For every possible emergency or disaster, you may need to determine quickly if you should shelter “in-place” or go to a designated shelter in your area. Whether sheltering in-place or at a designated shelter you should be prepared to care for your basic medical needs. This is particularly important for people with diabetes, who require specialized equipment and medication to maintain good health.
You should always be ready to be self-sufficient for at least three days. This may mean providing for your own shelter, first aid, food, water, and sanitation needs.
Being prepared, especially for people with diabetes could mean the difference between life and death.
Phases of an Emergency or Disaster
Each disaster or emergency has its own phases: pre-disaster, the disaster, immediate aftermath, recovery and re-building.
This is the phase where planning and preparation can make the difference between life and death in an emergency.
Basic Disaster Planning
Every geographic area has its own special potential for emergencies. California has earthquakes, landslides and wildfires; the Gulf Coast and Eastern seaboard have hurricanes; huge portions of the country are now prone to tornadoes, high heat and/or humidity, thunderstorms and floods; or blizzards with high winds might be problems in your area.
Your specific preparation plan will vary depending on the potential emergency that might strike where you live. Your county or city government website should have specific information about area hazards so you can plan for them. Another source for this information is the American Red Cross near your home. Consider weather, geography and proximity to potential risks from manufacturing facilities, railroads or other transportation infrastructure.
Learn where to seek shelter from all types of hazards. Identify the locations of community shelters in case you are unable to stay in your home during the emergency. Determine emergency evacuation routes to shelters and out of town from home, work or school.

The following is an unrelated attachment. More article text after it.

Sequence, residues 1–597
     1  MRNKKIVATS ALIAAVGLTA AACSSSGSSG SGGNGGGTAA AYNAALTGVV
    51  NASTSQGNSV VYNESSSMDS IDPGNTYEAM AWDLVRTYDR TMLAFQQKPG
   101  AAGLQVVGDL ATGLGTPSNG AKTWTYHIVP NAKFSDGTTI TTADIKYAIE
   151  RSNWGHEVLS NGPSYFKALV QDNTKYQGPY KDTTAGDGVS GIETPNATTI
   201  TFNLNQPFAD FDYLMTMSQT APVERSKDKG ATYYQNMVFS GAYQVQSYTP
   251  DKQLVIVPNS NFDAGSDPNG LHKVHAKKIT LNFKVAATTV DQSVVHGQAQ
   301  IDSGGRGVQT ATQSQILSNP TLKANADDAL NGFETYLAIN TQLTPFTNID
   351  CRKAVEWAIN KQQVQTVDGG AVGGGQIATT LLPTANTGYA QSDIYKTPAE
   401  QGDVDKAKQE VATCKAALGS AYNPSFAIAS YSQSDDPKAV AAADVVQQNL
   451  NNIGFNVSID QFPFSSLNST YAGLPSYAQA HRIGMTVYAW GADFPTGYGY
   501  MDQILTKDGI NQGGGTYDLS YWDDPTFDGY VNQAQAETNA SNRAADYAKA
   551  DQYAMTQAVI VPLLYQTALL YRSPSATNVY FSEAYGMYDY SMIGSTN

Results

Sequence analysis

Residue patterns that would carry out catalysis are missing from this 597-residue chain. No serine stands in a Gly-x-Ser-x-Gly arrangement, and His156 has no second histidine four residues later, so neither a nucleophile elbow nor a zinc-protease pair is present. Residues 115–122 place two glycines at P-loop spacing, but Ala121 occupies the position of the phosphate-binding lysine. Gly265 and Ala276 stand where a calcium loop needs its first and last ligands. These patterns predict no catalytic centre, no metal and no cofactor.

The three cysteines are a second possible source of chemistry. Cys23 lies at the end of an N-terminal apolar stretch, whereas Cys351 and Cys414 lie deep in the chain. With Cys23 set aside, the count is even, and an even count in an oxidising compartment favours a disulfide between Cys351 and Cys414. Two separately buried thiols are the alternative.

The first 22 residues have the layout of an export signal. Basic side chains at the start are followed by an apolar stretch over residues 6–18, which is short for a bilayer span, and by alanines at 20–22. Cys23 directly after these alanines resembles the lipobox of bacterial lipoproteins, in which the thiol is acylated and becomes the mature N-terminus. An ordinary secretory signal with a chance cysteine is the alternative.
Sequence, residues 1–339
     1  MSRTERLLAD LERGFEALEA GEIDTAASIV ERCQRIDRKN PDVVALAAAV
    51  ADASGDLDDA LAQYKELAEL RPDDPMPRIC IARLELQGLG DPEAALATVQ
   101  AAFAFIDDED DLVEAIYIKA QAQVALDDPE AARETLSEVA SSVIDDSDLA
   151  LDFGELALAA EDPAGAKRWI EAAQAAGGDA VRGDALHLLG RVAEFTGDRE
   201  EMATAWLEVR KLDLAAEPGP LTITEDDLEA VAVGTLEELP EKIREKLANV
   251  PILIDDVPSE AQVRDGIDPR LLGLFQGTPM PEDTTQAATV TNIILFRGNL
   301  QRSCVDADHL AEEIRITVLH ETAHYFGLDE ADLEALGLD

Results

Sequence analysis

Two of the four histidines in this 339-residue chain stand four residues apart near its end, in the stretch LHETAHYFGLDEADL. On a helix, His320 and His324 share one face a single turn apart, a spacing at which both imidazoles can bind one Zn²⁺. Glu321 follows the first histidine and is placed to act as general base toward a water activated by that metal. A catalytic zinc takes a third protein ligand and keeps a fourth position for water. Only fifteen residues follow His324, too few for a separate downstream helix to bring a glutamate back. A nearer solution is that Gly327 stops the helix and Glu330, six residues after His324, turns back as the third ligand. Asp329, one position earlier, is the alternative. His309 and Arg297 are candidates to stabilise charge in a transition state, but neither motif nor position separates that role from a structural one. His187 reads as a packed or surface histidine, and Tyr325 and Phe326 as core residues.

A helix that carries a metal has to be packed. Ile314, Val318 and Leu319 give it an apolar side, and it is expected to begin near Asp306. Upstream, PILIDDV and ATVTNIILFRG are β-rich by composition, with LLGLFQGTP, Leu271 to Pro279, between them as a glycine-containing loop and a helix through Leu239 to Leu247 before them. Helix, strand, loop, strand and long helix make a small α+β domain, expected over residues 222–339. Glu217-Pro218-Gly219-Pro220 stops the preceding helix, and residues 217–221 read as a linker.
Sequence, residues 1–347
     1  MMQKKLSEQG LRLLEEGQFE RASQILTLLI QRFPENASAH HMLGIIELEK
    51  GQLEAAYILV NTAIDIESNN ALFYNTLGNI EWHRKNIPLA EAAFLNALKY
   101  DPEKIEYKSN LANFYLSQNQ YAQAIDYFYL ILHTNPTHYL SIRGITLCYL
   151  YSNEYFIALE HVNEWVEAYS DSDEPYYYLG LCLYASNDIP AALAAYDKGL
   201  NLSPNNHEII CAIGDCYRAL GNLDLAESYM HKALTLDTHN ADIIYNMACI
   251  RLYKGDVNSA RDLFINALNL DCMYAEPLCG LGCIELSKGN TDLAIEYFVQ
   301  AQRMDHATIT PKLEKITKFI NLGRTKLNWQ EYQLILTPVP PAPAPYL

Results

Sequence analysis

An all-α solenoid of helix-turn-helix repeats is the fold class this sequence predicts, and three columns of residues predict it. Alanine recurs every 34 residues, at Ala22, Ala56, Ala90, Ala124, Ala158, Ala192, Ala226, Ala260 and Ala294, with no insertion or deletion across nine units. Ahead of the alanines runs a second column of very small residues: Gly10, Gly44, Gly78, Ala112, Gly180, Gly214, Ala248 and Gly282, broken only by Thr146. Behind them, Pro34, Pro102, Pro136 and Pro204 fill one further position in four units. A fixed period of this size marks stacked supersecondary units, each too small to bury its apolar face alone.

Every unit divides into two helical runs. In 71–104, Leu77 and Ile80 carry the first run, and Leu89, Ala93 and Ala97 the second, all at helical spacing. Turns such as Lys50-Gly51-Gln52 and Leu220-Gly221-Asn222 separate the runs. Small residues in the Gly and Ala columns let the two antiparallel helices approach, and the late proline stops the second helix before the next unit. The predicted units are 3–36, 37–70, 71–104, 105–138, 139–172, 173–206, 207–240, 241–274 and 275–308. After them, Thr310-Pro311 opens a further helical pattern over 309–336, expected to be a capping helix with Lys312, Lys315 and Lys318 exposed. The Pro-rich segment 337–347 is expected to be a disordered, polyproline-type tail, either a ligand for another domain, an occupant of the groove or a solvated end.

Identify the community warning systems and instruct your family how to find them in an emergency.
Develop a plan for communicating with your family. Cell phone lines could be jammed and you might not be able to call within the region. Designate a family member outside the area to relay information to other family members. Make sure everyone has this contact number. It may be necessary to use a land line or payphone to call the emergency contact person.
You should also designate a family meeting place, as near to your home, as possible that would be a safe location in an emergency. This is a contingency in case it isn’t safe to return to your home immediately. You can re-group with family and come up with a plan of action. For example, in earthquake prone areas, the meeting place might be a park or open field to avoid potential building collapse in the aftershocks.
For each possible emergency, try and figure out in advance whether you will be able to shelter in place. For example: thunderstorms, blizzards and high winds you may choose to shelter in place where the biggest danger will be from power outages. In hurricane, flooding, or wildfire situations it’s usually safer to evacuate from the region or be in the safety of a community shelter.
Earthquakes and tornadoes are sudden emergencies requiring split second decision making. Identify the safest place in your home to survive an earthquake or a tornado. This would be the best place to store your emergency supplies. Debris could trap you in that location so you will want to have it handy. After the immediate incident is over you can take stock of your situation and get to a shelter if you are still in danger and it isn’t life-threatening to do so.
If you have school aged children, get a copy of the schools plans for emergencies so you can incorporate this into your own planning.
Kentucky Department of Public Health, Cabinet for Health and Family Services
Washington State Department of Public Health